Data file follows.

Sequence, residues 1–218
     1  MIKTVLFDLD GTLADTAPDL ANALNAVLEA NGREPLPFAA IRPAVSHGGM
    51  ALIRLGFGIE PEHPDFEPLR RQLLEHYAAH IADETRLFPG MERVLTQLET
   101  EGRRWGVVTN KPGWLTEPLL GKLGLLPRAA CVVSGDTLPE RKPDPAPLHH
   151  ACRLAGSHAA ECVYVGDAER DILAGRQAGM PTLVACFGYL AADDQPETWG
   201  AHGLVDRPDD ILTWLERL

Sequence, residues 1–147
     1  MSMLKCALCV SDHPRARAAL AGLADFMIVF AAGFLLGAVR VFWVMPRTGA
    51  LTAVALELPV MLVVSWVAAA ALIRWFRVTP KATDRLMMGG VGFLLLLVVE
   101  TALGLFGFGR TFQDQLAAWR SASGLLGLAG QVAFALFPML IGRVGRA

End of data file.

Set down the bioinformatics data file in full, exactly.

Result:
Sequence, residues 1–218
     1  MIKTVLFDLD GTLADTAPDL ANALNAVLEA NGREPLPFAA IRPAVSHGGM
    51  ALIRLGFGIE PEHPDFEPLR RQLLEHYAAH IADETRLFPG MERVLTQLET
   101  EGRRWGVVTN KPGWLTEPLL GKLGLLPRAA CVVSGDTLPE RKPDPAPLHH
   151  ACRLAGSHAA ECVYVGDAER DILAGRQAGM PTLVACFGYL AADDQPETWG
   201  AHGLVDRPDD ILTWLERL

Sequence, residues 1–147
     1  MSMLKCALCV SDHPRARAAL AGLADFMIVF AAGFLLGAVR VFWVMPRTGA
    51  LTAVALELPV MLVVSWVAAA ALIRWFRVTP KATDRLMMGG VGFLLLLVVE
   101  TALGLFGFGR TFQDQLAAWR SASGLLGLAG QVAFALFPML IGRVGRA